In fact the text merely states, "To bring Vashti the queen before the king with the crown royal, to shew the people and the princes her beauty: for she was fair to look on." (Esther 1:11) The LXX is equally coy: "To bring in the queen to him, to enthrone her, and crown her with the diadem, and to shew her to the princes, and her beauty to the nations: for she was beautiful." (Incidentally, the LXX gives the queen's name as "Astin", not Vashti, showing how unreliable the transliteration of foreign names could be.)

It is, of course, possible that Xerxes did command that his wife be brought in naked - he was certainly the worse for wear, as the saying is, and drunk men do make stupid commands. On the other hand, Persian women were commonly shut away in harems, and even being exposed to the drunken courtiers with her face showing would have been considered by Vashti to be a disgrace. The point is, however, that the text does not specify "naked" and Wikipedia seems to be allowing a prurient imagination too free a rein.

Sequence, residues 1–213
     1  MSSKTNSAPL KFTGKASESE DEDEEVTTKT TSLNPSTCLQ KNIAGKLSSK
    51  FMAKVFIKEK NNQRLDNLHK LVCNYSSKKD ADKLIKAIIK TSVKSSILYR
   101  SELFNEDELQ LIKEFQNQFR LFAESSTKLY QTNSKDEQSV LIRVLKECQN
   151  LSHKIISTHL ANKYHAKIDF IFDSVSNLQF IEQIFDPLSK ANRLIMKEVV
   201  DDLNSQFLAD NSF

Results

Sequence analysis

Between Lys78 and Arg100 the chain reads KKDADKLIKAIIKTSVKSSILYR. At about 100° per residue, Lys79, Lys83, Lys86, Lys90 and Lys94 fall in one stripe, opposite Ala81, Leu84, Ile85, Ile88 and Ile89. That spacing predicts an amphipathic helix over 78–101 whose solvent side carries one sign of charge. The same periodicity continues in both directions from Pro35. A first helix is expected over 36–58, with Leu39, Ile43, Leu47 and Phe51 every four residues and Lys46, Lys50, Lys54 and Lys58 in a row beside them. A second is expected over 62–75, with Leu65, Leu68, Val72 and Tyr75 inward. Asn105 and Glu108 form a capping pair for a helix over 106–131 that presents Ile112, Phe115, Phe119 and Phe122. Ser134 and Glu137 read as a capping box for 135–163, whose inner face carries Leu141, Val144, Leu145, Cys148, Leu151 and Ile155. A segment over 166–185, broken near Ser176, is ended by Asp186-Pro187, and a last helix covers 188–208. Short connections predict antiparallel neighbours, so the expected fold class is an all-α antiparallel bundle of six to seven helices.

Pillar bases in Susa
The bases of pillars in the royal palace in Susa (Shush or Shushan).

However the book of Esther does fit into the known events of Xerxes' reign. The book begins with a great assembly and feast in the third year of Xerxes, to which all the satraps and nobles in the kingdom were invited. The question is, when was this "third year"?

Modern histories, including Wikipedia, gives Xerxes' dates as 486 - 465 BC. It is certainly true that Xerxes came to the throne in October 486 BC when his father, Darius I, died. However the Persian custom was for the remainder of that year - and Persian years ran from spring to spring, March/April to March/April - to be counted as part of the last year of the preceding king's reign. Only with New Year's Day did the first year of the new king commence. Thus according to Persian and Jewish reckoning, Xerxes' first year was March/April 485 BC to March/April 484 BC.